I spent my time in New York at the Borough Park Symposium, where I presented a paper on the Israeli-Palestinian conflict, which you can read right here. After the symposium, I decided to walk the mile or so from the Yale Club, where it was held, to Penn Station, where I’d take the train to Newark International for my flight to Moscow. I changed out of my suit and into more casual garb in the overheated Yale Club men’s room, repacked my 50-lb. roller bag, and set out.
To me, New York is the City with a capital C, the City of distant memories in my parents’ scattered tales of their early years. Its sidewalks are thoroughly 21st century, but they somehow take me back two generations to the days of grandpas Sam Mandel and Sam Resnik, who made their living somewhere on these same pavements. It’s motherland.
The Yale Club is just across the street from Grand Central, so it was on my left for the first block, until I took a right to Fifth Avenue, and then left, or south, toward Penn Station, past the New York Public Library on 42nd Street, guarded by its two stone-cold lions. I was talking with Jane on the cell phone for this part of the walk, narrating as I went, which brought it all into even better focus. Yes, it was cold, not that cold, really at 30 degrees and sunny, but cold enough to be compared countless times with California weather, and a big reason for my parents’ migration to California as they told it. After a few blocks, it was right again on 34th Street under the vast shadow of the Empire State Building, past Macy’s on the other side and then Madison Square Garden on this side, and the big, rather uninspired façade of Pennsylvania Station. All of this is Manhattan for everyone, but somehow for me, it’s the landscape of my Jewish past, the most recent of my motherlands.
As I arrived at Penn Station (which was an impossible chaos at rush hour to my uninitiated eyes), and starting to think about my red-eye flight to Moscow, I was also thinking of my two Russian-born grandfathers who walked these same streets after they arrived in America. Sadly, I heard little of their personal stories, beyond the shared saga of insecurity and threat and limited horizons in the old country, and the dogged struggle to create something different in the new. New York City in those days was the most densely populated spot on earth, and the crowds were largely Jewish—Jewish men, women, and children pressured out of Russia by the Czarist government and desperately regrouping in this new country.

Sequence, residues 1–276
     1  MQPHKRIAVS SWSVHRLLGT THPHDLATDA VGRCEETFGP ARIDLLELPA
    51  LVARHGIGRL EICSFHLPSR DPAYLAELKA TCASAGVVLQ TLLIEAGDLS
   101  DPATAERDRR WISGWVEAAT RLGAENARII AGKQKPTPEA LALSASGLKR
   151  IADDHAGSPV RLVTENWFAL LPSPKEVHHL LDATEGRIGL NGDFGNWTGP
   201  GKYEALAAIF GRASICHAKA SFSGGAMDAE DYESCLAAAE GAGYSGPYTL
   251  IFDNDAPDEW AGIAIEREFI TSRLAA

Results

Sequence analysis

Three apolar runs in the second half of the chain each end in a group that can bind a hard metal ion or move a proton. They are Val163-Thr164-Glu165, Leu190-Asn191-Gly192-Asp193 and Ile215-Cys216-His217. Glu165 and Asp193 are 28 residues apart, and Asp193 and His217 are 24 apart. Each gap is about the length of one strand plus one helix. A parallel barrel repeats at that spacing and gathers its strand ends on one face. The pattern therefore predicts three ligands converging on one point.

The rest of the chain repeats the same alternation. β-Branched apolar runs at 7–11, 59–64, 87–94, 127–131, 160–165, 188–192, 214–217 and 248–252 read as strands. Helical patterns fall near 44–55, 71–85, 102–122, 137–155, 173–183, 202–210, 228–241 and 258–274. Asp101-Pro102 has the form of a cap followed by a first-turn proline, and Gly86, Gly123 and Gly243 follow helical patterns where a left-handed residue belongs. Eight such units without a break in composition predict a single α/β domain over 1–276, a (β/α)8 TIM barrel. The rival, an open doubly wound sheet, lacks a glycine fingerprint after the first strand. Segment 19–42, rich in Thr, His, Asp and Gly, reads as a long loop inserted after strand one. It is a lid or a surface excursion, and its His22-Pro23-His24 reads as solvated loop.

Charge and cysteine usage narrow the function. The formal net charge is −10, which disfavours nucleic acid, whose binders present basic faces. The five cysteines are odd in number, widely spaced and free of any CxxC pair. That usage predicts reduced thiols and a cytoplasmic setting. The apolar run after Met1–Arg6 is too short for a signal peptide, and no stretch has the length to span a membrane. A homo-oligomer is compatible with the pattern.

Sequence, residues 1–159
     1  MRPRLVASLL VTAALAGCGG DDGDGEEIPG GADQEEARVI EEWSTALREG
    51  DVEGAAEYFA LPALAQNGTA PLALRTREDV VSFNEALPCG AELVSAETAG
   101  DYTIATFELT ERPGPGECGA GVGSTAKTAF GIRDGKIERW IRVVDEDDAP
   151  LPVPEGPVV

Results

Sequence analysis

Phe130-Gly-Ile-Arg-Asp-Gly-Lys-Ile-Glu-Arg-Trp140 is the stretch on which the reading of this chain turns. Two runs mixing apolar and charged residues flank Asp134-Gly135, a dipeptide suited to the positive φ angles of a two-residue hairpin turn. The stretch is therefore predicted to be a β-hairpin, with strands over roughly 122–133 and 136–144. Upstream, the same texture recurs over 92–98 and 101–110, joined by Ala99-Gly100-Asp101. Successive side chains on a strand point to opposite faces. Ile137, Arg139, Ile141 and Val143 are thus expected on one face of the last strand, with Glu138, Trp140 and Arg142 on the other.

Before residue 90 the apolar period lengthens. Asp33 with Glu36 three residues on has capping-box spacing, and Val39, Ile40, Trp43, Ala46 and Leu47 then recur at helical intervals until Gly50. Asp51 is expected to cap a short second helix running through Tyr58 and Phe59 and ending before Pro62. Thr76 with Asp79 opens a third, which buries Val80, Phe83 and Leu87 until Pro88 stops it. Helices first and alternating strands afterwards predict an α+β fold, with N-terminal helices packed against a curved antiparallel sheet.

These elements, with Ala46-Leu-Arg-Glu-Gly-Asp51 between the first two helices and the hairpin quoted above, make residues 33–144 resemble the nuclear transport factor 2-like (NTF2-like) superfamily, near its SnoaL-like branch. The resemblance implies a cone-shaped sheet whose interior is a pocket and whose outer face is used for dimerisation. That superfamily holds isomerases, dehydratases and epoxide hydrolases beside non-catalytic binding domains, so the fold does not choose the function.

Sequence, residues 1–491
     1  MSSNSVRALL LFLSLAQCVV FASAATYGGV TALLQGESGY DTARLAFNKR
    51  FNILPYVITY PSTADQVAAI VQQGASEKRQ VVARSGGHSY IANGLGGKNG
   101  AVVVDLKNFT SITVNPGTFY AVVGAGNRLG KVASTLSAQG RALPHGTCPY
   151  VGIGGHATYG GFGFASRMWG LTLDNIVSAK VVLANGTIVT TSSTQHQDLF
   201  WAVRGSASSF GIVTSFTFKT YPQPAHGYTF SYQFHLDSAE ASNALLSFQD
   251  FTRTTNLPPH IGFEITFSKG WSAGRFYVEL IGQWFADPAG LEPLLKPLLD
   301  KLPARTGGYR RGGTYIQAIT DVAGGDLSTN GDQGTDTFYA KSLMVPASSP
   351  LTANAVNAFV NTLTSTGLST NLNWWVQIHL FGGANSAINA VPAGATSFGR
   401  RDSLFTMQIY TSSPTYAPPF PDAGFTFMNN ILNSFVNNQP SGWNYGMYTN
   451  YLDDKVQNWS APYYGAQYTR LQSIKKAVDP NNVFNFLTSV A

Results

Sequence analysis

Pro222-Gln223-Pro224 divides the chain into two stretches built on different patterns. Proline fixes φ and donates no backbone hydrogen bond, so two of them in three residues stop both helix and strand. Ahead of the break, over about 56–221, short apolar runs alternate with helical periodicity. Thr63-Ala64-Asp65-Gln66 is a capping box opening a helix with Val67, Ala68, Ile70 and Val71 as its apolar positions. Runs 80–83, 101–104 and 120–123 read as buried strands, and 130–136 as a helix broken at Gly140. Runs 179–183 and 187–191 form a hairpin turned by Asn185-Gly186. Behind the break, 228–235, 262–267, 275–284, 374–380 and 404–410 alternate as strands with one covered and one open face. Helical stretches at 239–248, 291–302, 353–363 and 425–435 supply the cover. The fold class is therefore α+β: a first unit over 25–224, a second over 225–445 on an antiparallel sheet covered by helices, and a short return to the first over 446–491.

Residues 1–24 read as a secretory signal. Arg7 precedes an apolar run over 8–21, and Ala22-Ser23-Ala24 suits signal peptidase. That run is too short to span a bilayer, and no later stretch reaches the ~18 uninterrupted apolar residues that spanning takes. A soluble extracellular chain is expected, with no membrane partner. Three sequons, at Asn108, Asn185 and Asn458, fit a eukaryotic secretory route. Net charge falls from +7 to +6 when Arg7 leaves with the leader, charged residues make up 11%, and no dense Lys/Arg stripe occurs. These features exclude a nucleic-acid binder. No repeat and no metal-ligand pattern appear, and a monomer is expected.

The story goes that my grandfather Resnik noticed lots of broken windows when he arrived and soon started carrying panes of glass on his back in some sort of frame he’d devised, and hawking them on the streets. He persevered and made his fortune, a good portion of which he lost in the Great Depression, but managed to remain at least middle-class.
It’s a tale typical of Russian Jews who took a chance on the journey to America and made it work out. I also admire the Russian Jewish community that didn’t leave, which survived decades of repression under Communist rule—and an interlude of Nazi terror during the German invasion of World War II—as well as deep-rooted anti-Semitism before and since. It’s my first visit to Russia, but we’ve had the privilege of knowing a Russian Jews in Albuquerque who emigrated in more recent years, as Soviet rule collapsed. Our friend Anatoliy, who passed away not long ago, served as a field surgeon with the Red Army in the struggle against Hitler, performing thousands of operations just behind the battle lines, and then became a world-renowned authority on vascular surgery, who spent most of his professional years practicing in Siberia because Jewish doctors had limited opportunities in Moscow. Another friend, Michael, who is still among us, survived the war by joining the partisan resistance in the forests of Belarus as a teenager. After the war he became a truck driver, and eventually made aliyah as a grandpa by driving his well-maintained 70s vintage Lada sedan from Russia, through the Balkan states and Greece, and then onto a freighter bound for Israel.
Who knows what other heroic tales I might hear from the Russian Jews I meet on this journey?